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Management Of Dental Procedures And Oral Health Diseases

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Management Of Dental Procedures And Oral Health Diseases

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Management Of Dental Procedures And Oral Health Diseases

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Question:
Discuss about the Management of Dental Procedures and Oral Health Diseases.
 
Answer:
Dental caries are majorly caused by Streptococcus mutans which produce an acid that results in the irremediable solubilisation of minerals of the teeth. Lactobacilli can aggravate the lesion progression. Periodontal diseases are mixed and are mostly caused by anaerobes like Porphyromonas gingivalis and Trepanoma denticola, again, juvenile periodontitis is caused by Actinobacillus actinomycetemcomitans. Gingivitis is caused by poor oral hygiene that causes adherence of bacteria to the teeth in a colony called plaque. It precedes periodontal disease (de Silva et al., 2016).
 
Caries are caused by acid-producing bacteria from sugars and other foods. Demineralisation of the teeth surface may occur. If the damage is insignificant, salivary protective abilities can halt the process and remineralisation may begin. Proper oral hygiene reduces its progression. If not managed, the enamel and the entire tooth will be lost, and infections like tooth abscess and periodontitis set in.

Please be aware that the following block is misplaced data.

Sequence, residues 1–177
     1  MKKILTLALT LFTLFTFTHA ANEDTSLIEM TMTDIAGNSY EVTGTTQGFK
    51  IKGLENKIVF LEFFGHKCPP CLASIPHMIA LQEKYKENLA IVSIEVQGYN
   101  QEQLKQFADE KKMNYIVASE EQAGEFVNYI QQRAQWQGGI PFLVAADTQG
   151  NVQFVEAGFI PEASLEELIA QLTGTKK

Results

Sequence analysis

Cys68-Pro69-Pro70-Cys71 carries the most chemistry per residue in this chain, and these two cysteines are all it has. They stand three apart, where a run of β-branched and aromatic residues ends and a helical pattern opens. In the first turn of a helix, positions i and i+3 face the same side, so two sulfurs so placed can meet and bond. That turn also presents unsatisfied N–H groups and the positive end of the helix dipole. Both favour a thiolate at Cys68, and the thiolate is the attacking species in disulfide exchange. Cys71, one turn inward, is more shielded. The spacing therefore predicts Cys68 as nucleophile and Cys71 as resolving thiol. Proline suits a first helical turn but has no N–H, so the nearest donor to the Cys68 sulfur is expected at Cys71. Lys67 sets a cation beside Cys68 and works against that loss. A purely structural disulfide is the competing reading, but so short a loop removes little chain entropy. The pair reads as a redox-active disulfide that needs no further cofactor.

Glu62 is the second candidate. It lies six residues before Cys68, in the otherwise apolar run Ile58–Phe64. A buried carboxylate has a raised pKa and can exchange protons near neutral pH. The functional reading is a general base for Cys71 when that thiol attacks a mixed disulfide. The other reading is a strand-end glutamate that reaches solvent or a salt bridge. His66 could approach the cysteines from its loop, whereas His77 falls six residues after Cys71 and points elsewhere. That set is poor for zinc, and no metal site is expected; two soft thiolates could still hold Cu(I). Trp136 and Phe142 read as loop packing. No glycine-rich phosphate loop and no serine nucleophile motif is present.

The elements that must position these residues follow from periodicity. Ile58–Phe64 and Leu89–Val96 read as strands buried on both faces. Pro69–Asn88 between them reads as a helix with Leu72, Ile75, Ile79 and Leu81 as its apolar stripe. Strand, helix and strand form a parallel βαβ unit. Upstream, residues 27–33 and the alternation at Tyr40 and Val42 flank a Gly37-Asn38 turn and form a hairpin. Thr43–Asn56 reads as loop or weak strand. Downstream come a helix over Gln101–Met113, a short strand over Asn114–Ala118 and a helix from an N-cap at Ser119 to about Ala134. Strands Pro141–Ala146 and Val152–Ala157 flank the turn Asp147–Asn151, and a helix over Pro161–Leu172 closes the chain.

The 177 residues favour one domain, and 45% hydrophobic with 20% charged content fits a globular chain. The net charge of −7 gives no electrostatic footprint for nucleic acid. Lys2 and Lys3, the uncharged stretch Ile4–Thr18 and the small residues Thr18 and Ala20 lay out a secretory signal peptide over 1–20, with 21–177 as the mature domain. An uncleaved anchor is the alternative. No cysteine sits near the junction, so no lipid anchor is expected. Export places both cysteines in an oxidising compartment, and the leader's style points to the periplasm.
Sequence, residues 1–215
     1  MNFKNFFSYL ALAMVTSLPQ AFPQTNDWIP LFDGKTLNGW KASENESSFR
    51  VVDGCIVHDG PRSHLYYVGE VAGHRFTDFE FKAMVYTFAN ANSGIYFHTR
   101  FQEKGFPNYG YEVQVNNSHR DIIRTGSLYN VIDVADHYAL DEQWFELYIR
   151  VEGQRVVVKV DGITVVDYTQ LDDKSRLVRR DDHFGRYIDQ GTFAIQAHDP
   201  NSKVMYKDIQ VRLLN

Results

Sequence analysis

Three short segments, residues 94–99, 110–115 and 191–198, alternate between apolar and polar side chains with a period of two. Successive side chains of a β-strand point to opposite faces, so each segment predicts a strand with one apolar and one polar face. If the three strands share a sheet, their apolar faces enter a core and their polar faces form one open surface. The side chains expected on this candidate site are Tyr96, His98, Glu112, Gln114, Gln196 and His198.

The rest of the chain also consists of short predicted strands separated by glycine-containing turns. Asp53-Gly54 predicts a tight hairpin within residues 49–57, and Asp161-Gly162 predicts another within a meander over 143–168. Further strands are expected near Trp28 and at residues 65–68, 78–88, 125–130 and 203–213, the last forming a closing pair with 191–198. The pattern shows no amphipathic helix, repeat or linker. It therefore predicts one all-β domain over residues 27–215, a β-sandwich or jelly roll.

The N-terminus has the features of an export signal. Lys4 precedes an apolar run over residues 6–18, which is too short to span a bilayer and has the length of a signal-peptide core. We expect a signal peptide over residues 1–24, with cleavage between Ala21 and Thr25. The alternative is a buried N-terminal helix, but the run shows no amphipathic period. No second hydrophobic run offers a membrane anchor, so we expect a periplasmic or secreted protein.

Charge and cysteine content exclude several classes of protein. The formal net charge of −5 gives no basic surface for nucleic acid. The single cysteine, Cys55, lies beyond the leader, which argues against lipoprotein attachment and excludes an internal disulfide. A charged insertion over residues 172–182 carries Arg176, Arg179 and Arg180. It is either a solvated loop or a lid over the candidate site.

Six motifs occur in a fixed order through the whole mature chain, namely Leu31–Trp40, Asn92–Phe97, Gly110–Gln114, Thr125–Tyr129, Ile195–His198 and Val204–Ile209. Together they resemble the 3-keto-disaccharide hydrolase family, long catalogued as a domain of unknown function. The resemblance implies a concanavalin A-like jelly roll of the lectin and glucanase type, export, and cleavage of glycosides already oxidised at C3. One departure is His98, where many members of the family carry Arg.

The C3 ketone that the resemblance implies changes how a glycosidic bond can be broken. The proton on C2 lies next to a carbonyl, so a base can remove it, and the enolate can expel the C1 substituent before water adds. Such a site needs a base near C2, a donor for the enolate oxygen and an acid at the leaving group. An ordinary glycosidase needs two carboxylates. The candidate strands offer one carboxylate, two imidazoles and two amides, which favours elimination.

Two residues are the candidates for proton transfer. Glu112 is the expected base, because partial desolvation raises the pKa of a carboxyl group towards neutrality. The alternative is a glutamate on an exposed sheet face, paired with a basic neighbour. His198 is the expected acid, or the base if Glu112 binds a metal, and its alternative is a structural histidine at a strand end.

Periodontal disease is caused by anaerobic bacteria due to the progression of other diseases like gingivitis and caries. Treatment of these infections prevents the onset of periodontitis, however, if untreated, it leads to mucogingival problems, furcation lesions, and loss of teeth as well as the bone. It may lead to systemic bacterial infections (Kapellas et al., 2014).

Due to poor oral hygiene, pellicle forms on tooth thus providing a surface for bacterial attachment. This process is called association. In a few hours, bacteria bind to the surface, a process called adhesion. Then the bacteria proliferates throughout the oral cavity. They form microcolonies where the Streptococci create slime layer, a protective film. Having metabolic benefits, the microcolonies form groups (complex). Finally, the film matures by setting up a circulatory system that is primitive. Around 90% of the plaque’s weight is water and dry weight of around 70% consists of bacteria and then 30% is glycoproteins and polysaccharides (The causation of gingivitis. 2015).
Redness, swelling, and pain in the gums, tongue, and the teeth. The oral cavity may also be hyperthermic, which can be confirmed by an oral thermometer. There is function loss, where there is difficulty in chewing, swallowing and even ingestion of food and fluids.